And as we hit traffic, I asked (it took 10 minutes – I’ll never buy Fodors again- it gives elaborate dessert vocab but not basic words like Time or Tickets or Cash or Could you please drive…) if he could change plans and take me directly to the University Library, because it was now 3:30 and there would be no way I’d make the 5pm.     We arrived at the library at 4!   This library was built in 2005 and is mammoth. Marble and gold glass. Sergey, my most gracious translator (he works on audio histories, for example, cataloging and transcribing Russians telling where they were when  Stalin died in 1953) met me and brought me to Anna. We then met with Larisa Drukarova of the acquisitions department where it was accepted after a brief description.   

 Had I only thought about it a bit more, I would have prepared a book list:  my latest fascination with Mendeleev and his brilliant progress in understanding an order of the elements and of course my beloved Winogradsky’s research on microbes. Anna glowed when I mentioned bacteria, told me they just had a show featuring bacteria from contemporary researchers. And get this, she exclaimed how beautiful they are.  We are in complete agreement Anna, you have no idea!

When I asked Anna her favorite item in the collection, she said they all were her favorite, like children. Considering their science holdings have more than 10 million, that is quite a responsability! And now, she has 1 more object – mine! Thank you.  

 As a beautiful gift, they gave me a book documenting one of their most precious objects.  

    
While the pages are gorgeous, what I most like about this book (which is a book about another book), is detailing the restoration process. Authorship has many stewards. 

    
 Unrelated but beautiful are these sculptures at Ploshad Revolyutsy metro station. While the station has farmers, mechanics, military, I thought it would be nice to bookend this post with the readers. 
 (There is a book on his knee)

Lambeth Palace likely to accept Addendum, Edition 28

 
So, I’m terribly behind in reporting, but  on Wednesday morning, August 5th, I walked to Lambeth Palace. Luckily the tube strike didn’t complicate my plans.   

 
I met with the endearing Naomi Percival and Hugh Cahill.   
Their library was founded as a “public library” but the definition then was perhaps different. Its collections began by the archbishops donating their collections – the first was Archbishop Bancroft. 

Theirs is a collection of early printed books with notable provenance. For example comments by Henry VIII, noting his disagreement with the texts.   Their Gutenberg Bible was mis-described as a manuscript in their 19th century catalog. It was recognized as a Gutenberg in the 20th century. What is special about this copy is it was likely commissioned for someone in England as this copy is decorated in 15th century South England style. 

Naomi told me about her current project to catalog the papers from the Mothers Union. A church group founded in the late 19th century intended for “social improvement”. They published guides and sent out missions to encourage families to educate girls, discourage child marriage, and develop health clinics for children.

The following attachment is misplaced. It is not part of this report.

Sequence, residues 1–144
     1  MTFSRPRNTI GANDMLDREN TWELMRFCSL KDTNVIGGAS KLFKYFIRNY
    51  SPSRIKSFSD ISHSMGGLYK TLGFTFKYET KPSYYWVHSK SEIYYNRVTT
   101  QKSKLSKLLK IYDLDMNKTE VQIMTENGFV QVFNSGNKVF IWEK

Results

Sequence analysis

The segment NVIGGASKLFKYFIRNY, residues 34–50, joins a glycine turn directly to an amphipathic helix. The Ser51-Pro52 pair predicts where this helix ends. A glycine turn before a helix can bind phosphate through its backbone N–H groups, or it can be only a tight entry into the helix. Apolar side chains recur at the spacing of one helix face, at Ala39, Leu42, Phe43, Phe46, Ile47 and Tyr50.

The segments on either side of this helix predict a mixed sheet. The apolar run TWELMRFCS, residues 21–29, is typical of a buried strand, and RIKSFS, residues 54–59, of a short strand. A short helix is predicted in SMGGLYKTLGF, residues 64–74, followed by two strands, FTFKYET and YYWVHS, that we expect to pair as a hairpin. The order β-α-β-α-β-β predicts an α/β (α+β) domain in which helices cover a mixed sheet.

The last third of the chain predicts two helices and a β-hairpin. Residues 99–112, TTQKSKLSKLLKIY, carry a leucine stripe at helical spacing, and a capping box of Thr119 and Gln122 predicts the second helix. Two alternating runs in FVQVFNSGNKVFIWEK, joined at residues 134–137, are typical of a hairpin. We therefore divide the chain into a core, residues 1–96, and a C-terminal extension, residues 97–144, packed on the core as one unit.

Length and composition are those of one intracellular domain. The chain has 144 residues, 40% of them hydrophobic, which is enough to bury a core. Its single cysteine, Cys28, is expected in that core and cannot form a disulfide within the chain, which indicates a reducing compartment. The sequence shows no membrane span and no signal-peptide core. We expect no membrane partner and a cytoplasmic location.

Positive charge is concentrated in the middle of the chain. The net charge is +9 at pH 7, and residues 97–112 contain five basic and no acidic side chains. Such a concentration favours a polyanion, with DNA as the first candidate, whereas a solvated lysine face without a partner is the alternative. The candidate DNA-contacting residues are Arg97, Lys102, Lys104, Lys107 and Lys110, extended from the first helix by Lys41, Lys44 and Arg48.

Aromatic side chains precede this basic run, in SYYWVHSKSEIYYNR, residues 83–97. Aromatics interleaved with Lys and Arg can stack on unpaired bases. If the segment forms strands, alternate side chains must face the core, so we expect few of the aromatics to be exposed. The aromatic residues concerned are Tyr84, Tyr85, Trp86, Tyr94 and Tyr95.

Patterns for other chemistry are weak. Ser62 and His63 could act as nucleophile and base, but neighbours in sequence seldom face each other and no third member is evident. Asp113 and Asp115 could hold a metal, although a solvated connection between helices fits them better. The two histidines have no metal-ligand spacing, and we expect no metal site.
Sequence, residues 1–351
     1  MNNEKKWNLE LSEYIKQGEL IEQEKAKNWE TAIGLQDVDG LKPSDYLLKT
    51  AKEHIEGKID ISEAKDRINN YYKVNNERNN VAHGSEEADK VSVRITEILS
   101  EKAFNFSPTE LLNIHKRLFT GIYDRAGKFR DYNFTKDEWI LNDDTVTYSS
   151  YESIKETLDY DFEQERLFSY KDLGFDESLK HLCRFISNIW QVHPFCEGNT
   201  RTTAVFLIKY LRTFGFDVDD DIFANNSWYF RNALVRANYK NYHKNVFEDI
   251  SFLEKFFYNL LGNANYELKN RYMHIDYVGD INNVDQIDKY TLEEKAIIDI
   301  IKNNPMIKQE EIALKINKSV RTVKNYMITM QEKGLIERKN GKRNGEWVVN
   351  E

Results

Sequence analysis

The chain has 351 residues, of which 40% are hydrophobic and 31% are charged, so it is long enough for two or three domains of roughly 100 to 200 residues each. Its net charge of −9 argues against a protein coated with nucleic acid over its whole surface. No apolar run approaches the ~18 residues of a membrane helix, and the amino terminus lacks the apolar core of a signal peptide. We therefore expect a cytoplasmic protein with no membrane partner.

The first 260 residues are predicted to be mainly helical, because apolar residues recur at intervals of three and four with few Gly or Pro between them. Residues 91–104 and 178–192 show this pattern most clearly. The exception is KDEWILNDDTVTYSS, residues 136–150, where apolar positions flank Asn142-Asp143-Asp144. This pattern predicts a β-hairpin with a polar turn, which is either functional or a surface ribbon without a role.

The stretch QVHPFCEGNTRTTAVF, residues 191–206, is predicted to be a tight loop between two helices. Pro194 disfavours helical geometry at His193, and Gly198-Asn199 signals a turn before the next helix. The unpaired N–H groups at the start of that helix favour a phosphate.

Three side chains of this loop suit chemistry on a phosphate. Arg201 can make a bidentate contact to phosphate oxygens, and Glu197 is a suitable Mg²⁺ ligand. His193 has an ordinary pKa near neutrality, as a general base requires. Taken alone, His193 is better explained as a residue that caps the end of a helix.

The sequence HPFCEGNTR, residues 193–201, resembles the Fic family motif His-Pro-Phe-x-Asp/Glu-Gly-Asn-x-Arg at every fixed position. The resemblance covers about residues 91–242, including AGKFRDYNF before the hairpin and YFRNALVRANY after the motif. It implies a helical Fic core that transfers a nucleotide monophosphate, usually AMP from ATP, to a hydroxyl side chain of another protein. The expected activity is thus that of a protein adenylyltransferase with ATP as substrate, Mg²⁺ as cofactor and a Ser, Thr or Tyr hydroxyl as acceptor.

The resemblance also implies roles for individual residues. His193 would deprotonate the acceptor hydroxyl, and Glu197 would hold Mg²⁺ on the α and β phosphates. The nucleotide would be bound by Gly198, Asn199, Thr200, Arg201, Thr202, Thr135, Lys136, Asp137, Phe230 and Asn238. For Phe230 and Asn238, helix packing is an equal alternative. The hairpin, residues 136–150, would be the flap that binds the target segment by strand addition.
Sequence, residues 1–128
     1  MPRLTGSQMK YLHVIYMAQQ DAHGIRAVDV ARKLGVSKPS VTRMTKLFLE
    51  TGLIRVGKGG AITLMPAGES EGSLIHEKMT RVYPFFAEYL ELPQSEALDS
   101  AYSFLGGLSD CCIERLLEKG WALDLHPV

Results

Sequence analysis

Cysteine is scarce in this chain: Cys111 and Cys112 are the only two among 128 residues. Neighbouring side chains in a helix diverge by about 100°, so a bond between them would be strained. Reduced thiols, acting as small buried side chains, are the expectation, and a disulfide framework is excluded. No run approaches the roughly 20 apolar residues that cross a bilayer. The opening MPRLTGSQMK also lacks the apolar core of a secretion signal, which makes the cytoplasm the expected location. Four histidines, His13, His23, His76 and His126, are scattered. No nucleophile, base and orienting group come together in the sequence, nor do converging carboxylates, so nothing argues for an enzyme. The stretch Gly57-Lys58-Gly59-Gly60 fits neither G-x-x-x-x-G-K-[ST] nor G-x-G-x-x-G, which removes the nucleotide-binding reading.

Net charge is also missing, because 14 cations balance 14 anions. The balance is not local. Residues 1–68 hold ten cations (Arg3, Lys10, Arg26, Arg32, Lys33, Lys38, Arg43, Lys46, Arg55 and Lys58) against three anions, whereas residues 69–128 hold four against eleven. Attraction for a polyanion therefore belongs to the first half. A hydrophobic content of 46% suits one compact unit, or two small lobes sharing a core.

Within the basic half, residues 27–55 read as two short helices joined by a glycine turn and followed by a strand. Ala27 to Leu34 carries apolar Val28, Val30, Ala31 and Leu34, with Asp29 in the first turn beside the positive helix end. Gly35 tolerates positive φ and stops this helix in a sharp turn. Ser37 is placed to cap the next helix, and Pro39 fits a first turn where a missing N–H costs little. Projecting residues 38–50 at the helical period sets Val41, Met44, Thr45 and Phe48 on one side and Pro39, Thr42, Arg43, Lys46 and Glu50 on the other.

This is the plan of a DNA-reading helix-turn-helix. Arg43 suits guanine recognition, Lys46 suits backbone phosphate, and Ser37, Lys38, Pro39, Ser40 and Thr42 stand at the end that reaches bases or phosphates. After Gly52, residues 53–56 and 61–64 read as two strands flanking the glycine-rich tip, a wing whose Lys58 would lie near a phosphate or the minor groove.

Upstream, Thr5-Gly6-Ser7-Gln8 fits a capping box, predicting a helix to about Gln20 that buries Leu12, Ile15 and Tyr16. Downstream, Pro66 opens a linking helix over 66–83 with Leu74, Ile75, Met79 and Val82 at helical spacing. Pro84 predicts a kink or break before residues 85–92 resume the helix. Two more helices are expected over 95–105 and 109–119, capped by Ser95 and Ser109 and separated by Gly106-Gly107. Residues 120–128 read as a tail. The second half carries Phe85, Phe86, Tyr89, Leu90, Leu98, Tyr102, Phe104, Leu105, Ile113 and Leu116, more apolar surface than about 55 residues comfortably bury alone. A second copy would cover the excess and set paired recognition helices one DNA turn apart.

Naomi showed me books others were currently cataloging. One was a gold tooled edge (my first!) stating:  the fear of God keeps his commandments.  

   
 She showed me a room with translations of the bible into seemingly every language. Including Eskimo, which was created using the syllabic system used for the African system. Here is Genesis, in Swahili.     
And she even had a copy of the bible in Cockney: that nasty piece of work-satan! 

   
 One of my favorite things was to see a fig tree that had been stewarded since the 16th century. The original tree was brought from Italy to England by Cardinal Pole. The tree I saw was planted from a slip in the 19th century. And just recently when the current archbishop visited pope Francis, a slip traveled with him and so the tree returns to its original soil. It’s not just the ideas in books that are being tended.  

 We visited a building built in the 1490s. There I met Ian Watson, a conservator. I asked his favorite book he worked on. He said Captain Blys diary of the 18th c. Apparently, his crew set him free (they say he was unpleasant) in a boat. But the mutineers allowed him a journal and as a result, his was a diary of maps discovering islands around East Timor. 

Recently, the conservators are working on over 600 volumes of stolen books. These are of course politely referred to as “returned books” — ah librarians, it redefines period of loan. What was so effective about this “borrower” was he took the catalog cards when he took the volume, effectively erasing any record.  

Perhaps in a moment of paranoia, the seal of ownership, was rather Ungracefully removed from the cover.  So the conservators have made a zinc plate to amend what is lost, though will do it in simple black rather than the traditional gold to indicate something went awry In the history of the “returned” volumes.    

 
The last room they showed me was just lovely. It had a gorgeous and complicated table and huge catalogues of historic marriage licenses.  Naomi opened one catalog, and by chance, opened to a license accounted on August 5, 1818.  So we called it a day of good fortune and parted ways.  

 

Eton College received Addendum Edition 27!

So jet lag thundered into my bones today but I made my 3 pm meeting with Dr. Stephanie Coane, at Eton College.

  
   
 The library was exquisite. Raw wood. No oil, no varnish, no paint. It held such a soft armiture for the books to rest. It’s perhaps the gentlest library I’ve seen. The rooms had a quiet grace.